Sandro Colarieti House and Museum, Uguccione della Faggiola Archaeological Museum

Keeper of the place’s memory is the House-Museum Sandro Colarieti: here is the
archaeological evidence that tells the story of this land not far from the sources of the Marecchia and Tiber rivers, a mountain ridge that in Roman times has seen the flourishing of municipia such as Sassina (in the Savio valley) and Sestinum (in the Foglia valley).

The findings confirm the inhabitation of a mountainous territory already in the Prehistoric period: since the Palaeolithic man has left traces of his pres-ence in the chipped stones and arrow points, that are signs of hunting activ-ity. To prove the existence of rural settlements dating back to the Imperial age are the tombs found in the locations of Pescaia and Calanco in which pottery and oil lamps with the producer’s brand have been unearthed. To-gether with the funerary materials, also findings of the Republican period and the first years of the Empire have been discovered: table and kitchen ceramics, terracotta floor tiles, bronze objects, oil lamps, loom weights and coins. Very interesting is the print of a studded sandal on a tile before bak-ing; significant is also the evidence of the glirarium, a terracotta container in which the dormouses were fattened, a delicacy from the times of Apicio. A discovery that also finds confirmation in other locations in the territory and nearby Sestino, to testify the widespread use of raising domestic ani-mals during Roman times.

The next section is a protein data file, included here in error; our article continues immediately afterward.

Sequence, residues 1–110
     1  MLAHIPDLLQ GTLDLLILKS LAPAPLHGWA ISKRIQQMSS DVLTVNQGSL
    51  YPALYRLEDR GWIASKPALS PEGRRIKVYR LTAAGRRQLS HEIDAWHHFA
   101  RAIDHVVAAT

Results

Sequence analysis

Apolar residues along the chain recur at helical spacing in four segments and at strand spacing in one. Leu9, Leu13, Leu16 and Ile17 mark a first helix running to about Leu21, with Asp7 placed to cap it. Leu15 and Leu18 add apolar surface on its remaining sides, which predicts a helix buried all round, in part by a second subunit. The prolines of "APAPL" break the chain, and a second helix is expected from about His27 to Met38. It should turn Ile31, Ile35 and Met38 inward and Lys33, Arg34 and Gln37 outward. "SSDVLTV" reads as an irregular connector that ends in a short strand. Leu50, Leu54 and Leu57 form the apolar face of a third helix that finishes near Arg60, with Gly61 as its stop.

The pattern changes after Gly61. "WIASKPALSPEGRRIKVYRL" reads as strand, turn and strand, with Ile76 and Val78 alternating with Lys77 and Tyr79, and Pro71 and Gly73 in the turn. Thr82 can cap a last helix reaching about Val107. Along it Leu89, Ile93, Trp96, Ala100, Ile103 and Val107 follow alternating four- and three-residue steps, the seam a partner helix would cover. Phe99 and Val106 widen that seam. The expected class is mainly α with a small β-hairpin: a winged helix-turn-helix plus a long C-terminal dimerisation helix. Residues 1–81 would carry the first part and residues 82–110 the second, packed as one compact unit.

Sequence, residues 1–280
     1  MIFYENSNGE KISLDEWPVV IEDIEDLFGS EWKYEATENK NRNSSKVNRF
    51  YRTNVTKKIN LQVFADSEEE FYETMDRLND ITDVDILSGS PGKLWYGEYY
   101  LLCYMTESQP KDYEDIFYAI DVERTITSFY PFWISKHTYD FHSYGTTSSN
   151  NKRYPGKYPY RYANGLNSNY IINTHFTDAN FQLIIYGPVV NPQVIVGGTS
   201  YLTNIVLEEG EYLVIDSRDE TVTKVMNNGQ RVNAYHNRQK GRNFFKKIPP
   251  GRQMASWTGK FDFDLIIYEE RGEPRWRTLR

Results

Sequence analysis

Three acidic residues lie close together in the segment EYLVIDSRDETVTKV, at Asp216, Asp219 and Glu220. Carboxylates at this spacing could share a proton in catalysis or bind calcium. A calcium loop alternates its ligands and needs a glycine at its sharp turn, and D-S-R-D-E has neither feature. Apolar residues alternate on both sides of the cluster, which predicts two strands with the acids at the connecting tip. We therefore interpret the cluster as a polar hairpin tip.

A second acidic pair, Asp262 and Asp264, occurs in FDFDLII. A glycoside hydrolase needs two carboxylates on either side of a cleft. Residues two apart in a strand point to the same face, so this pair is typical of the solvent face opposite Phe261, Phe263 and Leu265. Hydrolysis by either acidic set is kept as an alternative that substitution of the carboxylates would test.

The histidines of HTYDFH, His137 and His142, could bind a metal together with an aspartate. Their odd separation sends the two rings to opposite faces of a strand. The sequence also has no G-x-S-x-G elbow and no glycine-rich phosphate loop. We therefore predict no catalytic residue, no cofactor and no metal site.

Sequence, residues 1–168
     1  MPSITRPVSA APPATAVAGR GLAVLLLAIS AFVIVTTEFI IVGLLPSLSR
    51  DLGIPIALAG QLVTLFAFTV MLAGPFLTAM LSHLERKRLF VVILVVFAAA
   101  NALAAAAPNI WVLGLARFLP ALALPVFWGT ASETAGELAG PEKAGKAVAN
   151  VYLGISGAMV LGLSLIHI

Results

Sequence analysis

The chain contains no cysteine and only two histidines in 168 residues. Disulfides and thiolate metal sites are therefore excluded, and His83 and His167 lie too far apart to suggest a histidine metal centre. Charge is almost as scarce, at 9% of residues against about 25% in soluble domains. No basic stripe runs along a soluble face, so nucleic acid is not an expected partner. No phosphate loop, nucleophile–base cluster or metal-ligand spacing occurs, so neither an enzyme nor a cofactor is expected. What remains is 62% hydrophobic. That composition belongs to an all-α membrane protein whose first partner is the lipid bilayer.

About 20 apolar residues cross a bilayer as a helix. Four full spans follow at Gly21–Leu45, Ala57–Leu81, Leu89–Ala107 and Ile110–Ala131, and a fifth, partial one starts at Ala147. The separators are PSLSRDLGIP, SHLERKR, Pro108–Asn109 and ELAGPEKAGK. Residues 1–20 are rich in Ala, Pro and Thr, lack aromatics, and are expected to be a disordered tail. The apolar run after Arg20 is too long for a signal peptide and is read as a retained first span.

These are fragments of everyday life, in the daily experiences of the small inhabited areas of the high valley  (besides Casteldelci, Ponte Messa, Pen-nabilli, Maciano) and were most prosperous and active during the first
Imperial period.

In winter open upon request